Morning Report: Strong payrolls offsets trade volatility 4/4/18

Vital Statistics:

Last Change
S&P futures 2576 -38
Eurostoxx index 365.5 -3.53
Oil (WTI) 62.56 -0.95
10 Year Government Bond Yield 2.75%
30 Year fixed rate mortgage 4.41%

Stocks are lower this morning on trade war fears. Bonds and MBS are up.

While the drop in the futures is pretty dramatic, the market is basically just giving back the end-of-day ramp yesterday after the Administration said there is nothing imminent with Amazon. We are coming out of a long period of low volatility in the stock market, and volatility begets volatility. The silver lining is that Treasuries love stock market volatility, so they stand to benefit at the margin.

Mortgage Applications fell 3.3% last week as purchases fell 2% and refis fell 5%. “Heading into the holiday weekend, mortgage application volume fell a bit both for purchase and refinance volume,” said MBA Chief Economist Mike Fratantoni. “Mortgage rates were little changed for the week, despite the increase in financial market volatility. Potential homebuyers may be a little rattled by the swings in the stock market the past few weeks, but the job market continues to strengthen, which should power demand through the spring season. The main uncertainty remains whether enough listings will be available to meet this demand.”

Factory orders increased 1.2% in February, a bit lower than the Street estimate of 1.7%.

The ISM Non-Manufacturing Index dipped in March to 58.8 last month. Interesting comment from a builder: “The unbelievable amount of market volatility in construction-related materials that started with lumber continues with the tariffs on steel and aluminum. Accurate, long-term planning has become incredibly difficult, as distributors that historically held costs for at least 30 days are now, in some cases, committing to only seven days, as prices can change drastically in that time.”(Construction). Increasing housing starts has been a manana story forever, and it looks like that might be the case again this year.

Street estimates for Friday’s payroll number might be too low, at least if you look at the ADP number, which came in way stronger than expected at 241,000. The Street is looking for an increase of 175k in Friday’s report. While the ADP number doesn’t track the BLS number as tightly as you think it should (it actually tracks the revised number, not the preliminary one), it does indicate that trade issues haven’t affected employment, at least not yet. Manufacturing payrolls increased by 29k (strongest in 3 years), but remember that there are winners and losers in a trade war with China. For every steelworker, there are many more who work for a manufacturer that uses steel as an input. Construction employment was up smartly as well.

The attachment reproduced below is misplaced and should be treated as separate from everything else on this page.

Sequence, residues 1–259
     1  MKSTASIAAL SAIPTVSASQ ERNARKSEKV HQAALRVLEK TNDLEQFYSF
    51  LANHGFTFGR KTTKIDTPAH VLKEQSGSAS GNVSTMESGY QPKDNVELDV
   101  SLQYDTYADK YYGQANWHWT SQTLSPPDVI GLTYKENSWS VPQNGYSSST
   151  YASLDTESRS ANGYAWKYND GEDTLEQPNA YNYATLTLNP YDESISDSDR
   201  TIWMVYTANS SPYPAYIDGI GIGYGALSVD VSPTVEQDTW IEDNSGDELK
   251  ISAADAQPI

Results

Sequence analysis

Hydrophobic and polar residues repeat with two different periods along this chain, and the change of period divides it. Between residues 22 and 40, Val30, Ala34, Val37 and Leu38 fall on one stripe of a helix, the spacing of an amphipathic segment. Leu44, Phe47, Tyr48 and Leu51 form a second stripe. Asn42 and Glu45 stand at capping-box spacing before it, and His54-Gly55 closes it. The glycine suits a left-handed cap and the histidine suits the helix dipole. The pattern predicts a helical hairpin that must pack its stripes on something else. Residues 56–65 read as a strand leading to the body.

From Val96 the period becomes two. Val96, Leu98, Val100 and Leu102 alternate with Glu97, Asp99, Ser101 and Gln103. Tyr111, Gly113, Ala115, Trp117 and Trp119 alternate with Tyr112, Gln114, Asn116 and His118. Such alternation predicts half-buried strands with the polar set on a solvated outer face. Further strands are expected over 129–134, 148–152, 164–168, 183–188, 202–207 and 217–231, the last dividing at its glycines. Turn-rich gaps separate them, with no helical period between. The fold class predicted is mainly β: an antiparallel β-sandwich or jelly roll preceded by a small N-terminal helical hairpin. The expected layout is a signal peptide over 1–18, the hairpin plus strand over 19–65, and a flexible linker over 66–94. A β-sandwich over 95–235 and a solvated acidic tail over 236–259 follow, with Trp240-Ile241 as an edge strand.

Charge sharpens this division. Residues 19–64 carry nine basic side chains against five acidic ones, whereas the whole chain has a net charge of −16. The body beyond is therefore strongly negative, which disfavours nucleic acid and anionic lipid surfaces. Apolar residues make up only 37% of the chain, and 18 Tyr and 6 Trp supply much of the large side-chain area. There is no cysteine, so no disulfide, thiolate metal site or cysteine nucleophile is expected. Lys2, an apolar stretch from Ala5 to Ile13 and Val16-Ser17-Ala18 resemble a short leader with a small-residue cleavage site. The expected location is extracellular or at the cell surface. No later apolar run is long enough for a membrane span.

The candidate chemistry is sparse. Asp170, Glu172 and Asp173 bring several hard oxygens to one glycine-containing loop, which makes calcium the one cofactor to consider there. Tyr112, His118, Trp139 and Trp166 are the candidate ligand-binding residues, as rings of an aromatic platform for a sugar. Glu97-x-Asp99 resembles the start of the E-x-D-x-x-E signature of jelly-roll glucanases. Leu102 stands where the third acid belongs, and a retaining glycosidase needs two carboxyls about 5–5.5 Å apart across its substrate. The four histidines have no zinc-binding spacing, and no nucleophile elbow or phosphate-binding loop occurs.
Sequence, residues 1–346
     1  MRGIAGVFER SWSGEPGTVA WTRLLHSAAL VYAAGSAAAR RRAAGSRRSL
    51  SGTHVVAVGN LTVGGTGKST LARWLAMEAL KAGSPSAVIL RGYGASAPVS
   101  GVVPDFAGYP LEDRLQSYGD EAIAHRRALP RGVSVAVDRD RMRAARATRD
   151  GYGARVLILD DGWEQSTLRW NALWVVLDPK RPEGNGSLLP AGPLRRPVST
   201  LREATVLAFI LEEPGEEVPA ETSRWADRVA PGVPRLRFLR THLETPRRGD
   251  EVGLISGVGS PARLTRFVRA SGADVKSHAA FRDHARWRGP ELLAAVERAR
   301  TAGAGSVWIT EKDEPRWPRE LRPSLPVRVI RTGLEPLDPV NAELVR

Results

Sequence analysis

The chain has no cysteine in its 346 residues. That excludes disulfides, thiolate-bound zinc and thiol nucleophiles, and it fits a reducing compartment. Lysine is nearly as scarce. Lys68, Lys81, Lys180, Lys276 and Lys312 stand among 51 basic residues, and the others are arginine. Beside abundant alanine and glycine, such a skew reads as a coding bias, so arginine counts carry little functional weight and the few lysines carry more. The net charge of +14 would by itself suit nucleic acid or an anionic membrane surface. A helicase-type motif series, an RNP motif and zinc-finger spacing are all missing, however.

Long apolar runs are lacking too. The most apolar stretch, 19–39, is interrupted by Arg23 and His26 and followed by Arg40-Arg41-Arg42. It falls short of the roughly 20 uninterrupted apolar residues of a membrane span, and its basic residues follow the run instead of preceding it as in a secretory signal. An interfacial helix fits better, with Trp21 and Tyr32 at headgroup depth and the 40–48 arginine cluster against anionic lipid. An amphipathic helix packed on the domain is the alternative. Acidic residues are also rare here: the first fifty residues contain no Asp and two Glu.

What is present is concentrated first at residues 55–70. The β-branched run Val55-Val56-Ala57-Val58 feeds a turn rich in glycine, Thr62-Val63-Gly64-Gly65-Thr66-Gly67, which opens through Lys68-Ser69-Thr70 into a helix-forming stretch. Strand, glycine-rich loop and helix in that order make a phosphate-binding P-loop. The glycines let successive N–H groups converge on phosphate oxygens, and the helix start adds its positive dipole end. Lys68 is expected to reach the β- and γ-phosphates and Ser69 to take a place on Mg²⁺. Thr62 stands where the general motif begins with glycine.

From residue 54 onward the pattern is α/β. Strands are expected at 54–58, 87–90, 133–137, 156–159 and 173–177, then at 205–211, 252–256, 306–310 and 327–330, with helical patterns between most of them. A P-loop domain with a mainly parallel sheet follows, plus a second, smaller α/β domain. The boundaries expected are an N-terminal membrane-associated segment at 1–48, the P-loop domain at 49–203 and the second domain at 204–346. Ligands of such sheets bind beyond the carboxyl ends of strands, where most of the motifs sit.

Wilbur Ross said that the US may end up negotiating with China on trade. In other words, all of this is simply a negotiating tactic.

Regardless of the payroll number, the main focus is wage inflation these days, so even if you get a big payroll number you might not see much of a reaction in the bond market if average hourly earnings are only up a little (consensus is 0.3% MOM / 2.7% YOY). Higher wages are fighting to chart below, which is the employment-population ratio. The most striking feature is how dramatic the Great Recession was. Most of the 30 increase in the ratio which was driven by women entering the workforce was given back.

employment to population ratio

The Fed has a model which looks at demographics and that ratio, which predicts a drop in the ratio due to the retirement of the baby boomers. In fact, that model shows that we are much closer to full employment than the chart above suggests.

Lennar reported first quarter earnings this morning. It it hard to read too much into the numbers: there are tax charges from tax reform and a partial quarter for the CalAtlantic deal, so the increases in orders, backlog, average selling prices, etc aren’t really comparable to other builders. Lennar also launched a second multi-family fund, while it is looking to sell Rialto, its commercial real estate arm.

San Francisco Fed Chairman John Williams has been nominated to take over the NY Fed. This makes him Vice Chairman of the FOMC as well.

Vehicle sales rebounded last month, which should boost Q1 GDP estimates.

Spotify went public yesterday without the services of an investment bank. Not sure that we are quite ready to write the epitaph for investment banking, but this is a big deal.

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